You may have heard the saying, “The past is supposed to be a guidepost, not a hitching post.” It’s easy to become tied to memories of “the good old days” instead of using our experiences to find direction for the road ahead. We are all susceptible to the paralyzing effects of nostalgia—a longing for what used to be.

Jeremiah was a priest from a small town near Jerusalem when God called him to be “a prophet to the nations” (Jer. 1:5). He was given the very difficult job of pronouncing God’s judgment primarily on the people of Judah, who had turned away from the Lord. Jeremiah made it clear that he was delivering God’s message, not his own (7:1-2).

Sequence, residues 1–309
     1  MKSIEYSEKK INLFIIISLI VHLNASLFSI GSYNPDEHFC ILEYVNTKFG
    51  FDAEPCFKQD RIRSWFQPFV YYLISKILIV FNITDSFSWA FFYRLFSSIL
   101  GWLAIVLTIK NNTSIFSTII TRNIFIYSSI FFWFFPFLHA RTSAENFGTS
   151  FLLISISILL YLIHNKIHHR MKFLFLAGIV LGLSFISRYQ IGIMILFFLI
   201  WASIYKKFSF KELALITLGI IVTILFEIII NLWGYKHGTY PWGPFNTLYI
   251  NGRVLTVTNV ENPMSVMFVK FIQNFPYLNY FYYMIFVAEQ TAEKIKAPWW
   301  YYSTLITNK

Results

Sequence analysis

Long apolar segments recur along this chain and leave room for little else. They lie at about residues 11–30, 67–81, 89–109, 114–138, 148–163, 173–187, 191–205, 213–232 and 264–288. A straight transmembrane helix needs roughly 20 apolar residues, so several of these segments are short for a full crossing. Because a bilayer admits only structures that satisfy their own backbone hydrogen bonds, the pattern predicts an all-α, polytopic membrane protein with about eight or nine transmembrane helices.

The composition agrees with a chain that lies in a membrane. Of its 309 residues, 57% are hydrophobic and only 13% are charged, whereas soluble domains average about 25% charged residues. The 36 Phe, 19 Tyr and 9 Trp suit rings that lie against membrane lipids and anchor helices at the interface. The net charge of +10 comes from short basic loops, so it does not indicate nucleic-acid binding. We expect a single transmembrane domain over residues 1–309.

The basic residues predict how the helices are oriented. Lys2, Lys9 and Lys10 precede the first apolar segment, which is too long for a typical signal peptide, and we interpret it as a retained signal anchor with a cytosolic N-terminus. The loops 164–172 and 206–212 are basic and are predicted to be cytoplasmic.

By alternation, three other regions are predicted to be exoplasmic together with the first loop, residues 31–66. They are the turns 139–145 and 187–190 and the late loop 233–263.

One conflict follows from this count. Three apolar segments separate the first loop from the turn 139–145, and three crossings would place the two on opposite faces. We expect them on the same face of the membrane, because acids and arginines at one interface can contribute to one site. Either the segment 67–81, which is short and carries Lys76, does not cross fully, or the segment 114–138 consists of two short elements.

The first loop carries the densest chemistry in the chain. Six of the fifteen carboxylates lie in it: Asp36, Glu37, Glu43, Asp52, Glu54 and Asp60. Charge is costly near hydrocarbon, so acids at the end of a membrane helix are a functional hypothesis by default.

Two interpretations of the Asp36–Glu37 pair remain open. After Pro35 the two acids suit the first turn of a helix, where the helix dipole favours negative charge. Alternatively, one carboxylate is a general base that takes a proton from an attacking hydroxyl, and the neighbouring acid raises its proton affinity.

The Lord said, “Stand in the ways and see, and ask for the old paths, where the good way is, and walk in it; then you will find rest for your souls. But they said, ‘We will not walk in it’” (6:16).

God urged His people to look back so they could move ahead. The purpose of considering the ancient paths was to find “the good way” marked by God’s faithfulness, His forgiveness, and His forward call.

God can teach us from our past that the best road is the one we walk with Him.